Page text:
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Exhaled aerosol pattern discloses lung structural abnormality: a sensitivity study using computational modeling and fractal analysis.

Xi J, Si XA, Kim J, Mckee E, Lin EB - PLoS ONE (2014)

Bottom Line: With fractal analysis, we also demonstrated that exhaled aerosol patterns exhibited fractal behavior in both the entire image and selected regions of interest.Each exhaled aerosol fingerprint exhibited distinct pattern parameters such as spatial probability, fractal dimension, lacunarity, and multifractal spectrum.Furthermore, a correlation of the diseased location and exhaled aerosol spatial distribution was established for asthma.

View Article: PubMed Central - PubMed

Affiliation: School of Engineering and Technology, Central Michigan University, Mount Pleasant, Michigan, United States of America.

ABSTRACT

Background: Exhaled aerosol patterns, also called aerosol fingerprints, provide clues to the health of the lung and can be used to detect disease-modified airway structures. The key is how to decode the exhaled aerosol fingerprints and retrieve the lung structural information for a non-invasive identification of respiratory diseases.

Objective and methods: In this study, a CFD-fractal analysis method was developed to quantify exhaled aerosol fingerprints and applied it to one benign and three malign conditions: a tracheal carina tumor, a bronchial tumor, and asthma. Respirations of tracer aerosols of 1 µm at a flow rate of 30 L/min were simulated, with exhaled distributions recorded at the mouth. Large eddy simulations and a Lagrangian tracking approach were used to simulate respiratory airflows and aerosol dynamics. Aerosol morphometric measures such as concentration disparity, spatial distributions, and fractal analysis were applied to distinguish various exhaled aerosol patterns.

Findings: Utilizing physiology-based modeling, we demonstrated substantial differences in exhaled aerosol distributions among normal and pathological airways, which were suggestive of the disease location and extent. With fractal analysis, we also demonstrated that exhaled aerosol patterns exhibited fractal behavior in both the entire image and selected regions of interest. Each exhaled aerosol fingerprint exhibited distinct pattern parameters such as spatial probability, fractal dimension, lacunarity, and multifractal spectrum. Furthermore, a correlation of the diseased location and exhaled aerosol spatial distribution was established for asthma.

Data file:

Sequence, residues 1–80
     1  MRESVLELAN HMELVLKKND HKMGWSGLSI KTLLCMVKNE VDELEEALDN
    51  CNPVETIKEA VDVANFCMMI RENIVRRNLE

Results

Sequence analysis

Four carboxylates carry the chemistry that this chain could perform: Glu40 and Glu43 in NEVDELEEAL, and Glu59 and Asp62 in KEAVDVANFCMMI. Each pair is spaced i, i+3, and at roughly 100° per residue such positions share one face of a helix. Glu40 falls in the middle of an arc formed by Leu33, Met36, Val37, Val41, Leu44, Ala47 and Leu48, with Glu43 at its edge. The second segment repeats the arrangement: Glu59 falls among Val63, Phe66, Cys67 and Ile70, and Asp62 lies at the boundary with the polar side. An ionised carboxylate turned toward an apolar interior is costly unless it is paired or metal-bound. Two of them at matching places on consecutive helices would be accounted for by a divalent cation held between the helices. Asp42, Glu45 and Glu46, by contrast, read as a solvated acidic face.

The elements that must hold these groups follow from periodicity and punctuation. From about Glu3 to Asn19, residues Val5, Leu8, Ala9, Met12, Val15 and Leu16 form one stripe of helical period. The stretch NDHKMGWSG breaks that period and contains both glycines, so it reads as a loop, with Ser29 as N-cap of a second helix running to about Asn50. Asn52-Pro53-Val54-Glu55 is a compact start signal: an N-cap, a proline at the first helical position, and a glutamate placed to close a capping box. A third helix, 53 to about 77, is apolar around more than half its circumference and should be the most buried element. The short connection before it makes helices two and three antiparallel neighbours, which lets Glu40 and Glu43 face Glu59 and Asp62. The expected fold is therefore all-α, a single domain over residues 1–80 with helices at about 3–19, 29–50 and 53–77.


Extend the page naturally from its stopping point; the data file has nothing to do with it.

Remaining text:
Conclusion: Aerosol-fingerprint-based breath tests disclose clues about the site and severity of lung diseases and appear to be sensitive enough to be a practical tool for diagnosis and prognosis of respiratory diseases with structural abnormalities.

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Related in: MedlinePlus

Spectra of generalized dimensions Dq versus q among the four models for (a) the entire region and (b) the selected region of interest (ROI).
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pone-0104682-g007: Spectra of generalized dimensions Dq versus q among the four models for (a) the entire region and (b) the selected region of interest (ROI).

Mentions: Multifractal patterns are intrinsically more complex than monofractals. The visually patchiness of exhaled aerosol profiles suggests that different scaling properties may exist. Figure 7 shows the spectra of generalized dimension Dq versus the scaling exponent q for both the entire region and selected ROI. In all cases, Dq is a monotonically decreasing function of q, indicating that the exhaled aerosol patterns exhibit multifractal features [46] and are more appropriately described by the multifractal spectra rather than by the box-counting fractal dimensions alone. In the case of a monofractal, the Dq spectrum should be a constant line, which is not observed in Fig. 7. Moreover, the Dq spectra of the ROI cases are flatter than those of the entire region, suggesting that local patterns are more like monofractals (even though they are not), while the overall patterns are more like multifractals.